Project title: Application of Microbial Induced Calcite Precipitation to Stabilize Florida High-Organic Matter Soils for Roadway Construction

Funded By: Florida Department of Transportation

Several areas of Florida are underlain by soils with high organic matter content.  Construction of roadways on these soils is often problematic because these soils typically have low shear strengths and high compressibility. Over time, these soils continue to decompose and subside/creep from stresses imposed by the roadway embankment, pavement structure and truck loads. In recent years, Microbial Induced Calcite Precipitation (MICP) has been significantly developed.  For example, the metabolic activity of Bascillus pasteurii and Sporosarcina pasteurii (ureolytic microbes commonly found in sand) raises local pH which in turn causes Ca2+ and HCO3 ions, if present, to precipitate CaCO3 (DeJong et al. 2006).  The calcium carbonate can cement mineral grains together, resulting in a soil of greater strength. The overall goal of this project is to develop and test this biologically enhanced soil-stability technology for use in these Florida high organic matter soils.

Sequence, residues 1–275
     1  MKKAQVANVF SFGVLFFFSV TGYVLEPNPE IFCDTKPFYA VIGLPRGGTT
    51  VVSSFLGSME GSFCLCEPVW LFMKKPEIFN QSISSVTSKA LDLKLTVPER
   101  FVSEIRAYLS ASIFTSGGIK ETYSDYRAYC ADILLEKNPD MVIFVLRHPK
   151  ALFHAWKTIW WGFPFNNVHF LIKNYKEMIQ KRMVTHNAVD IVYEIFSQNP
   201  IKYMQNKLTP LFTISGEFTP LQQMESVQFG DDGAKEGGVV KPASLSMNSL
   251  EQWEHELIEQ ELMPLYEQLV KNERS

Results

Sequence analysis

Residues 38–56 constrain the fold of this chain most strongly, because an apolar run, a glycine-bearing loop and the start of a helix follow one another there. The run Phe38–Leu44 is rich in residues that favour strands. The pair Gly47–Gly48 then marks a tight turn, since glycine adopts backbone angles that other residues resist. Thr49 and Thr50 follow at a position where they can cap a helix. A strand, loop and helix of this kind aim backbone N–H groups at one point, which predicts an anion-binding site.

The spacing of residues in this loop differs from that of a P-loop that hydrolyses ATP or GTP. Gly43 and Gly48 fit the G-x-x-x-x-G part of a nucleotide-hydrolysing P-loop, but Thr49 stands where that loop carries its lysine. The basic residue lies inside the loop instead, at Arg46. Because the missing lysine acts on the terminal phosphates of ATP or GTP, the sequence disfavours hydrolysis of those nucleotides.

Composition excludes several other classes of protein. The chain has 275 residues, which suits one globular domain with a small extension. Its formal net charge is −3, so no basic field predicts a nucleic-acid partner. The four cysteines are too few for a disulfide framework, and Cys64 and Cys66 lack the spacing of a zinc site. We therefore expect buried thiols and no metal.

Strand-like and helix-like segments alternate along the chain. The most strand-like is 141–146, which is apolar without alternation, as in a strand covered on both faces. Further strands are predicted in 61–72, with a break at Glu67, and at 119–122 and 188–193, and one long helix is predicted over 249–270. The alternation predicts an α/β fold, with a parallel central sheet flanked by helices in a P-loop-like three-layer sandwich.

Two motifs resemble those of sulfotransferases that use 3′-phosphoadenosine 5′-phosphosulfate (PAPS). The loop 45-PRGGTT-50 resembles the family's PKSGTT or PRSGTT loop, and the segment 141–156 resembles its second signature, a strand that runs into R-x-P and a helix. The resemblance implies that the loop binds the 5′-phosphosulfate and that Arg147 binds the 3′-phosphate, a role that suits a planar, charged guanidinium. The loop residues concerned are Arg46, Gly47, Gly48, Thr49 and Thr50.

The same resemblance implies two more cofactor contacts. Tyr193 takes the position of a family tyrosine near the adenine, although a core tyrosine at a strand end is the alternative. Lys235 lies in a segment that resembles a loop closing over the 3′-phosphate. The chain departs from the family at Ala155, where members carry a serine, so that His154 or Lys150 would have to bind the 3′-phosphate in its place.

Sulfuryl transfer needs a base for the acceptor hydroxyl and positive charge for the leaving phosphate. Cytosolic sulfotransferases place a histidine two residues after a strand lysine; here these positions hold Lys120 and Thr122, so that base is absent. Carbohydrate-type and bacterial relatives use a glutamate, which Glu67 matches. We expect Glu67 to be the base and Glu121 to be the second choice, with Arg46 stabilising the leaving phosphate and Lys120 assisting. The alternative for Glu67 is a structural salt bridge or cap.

Our testing apparatus:

A cemented product: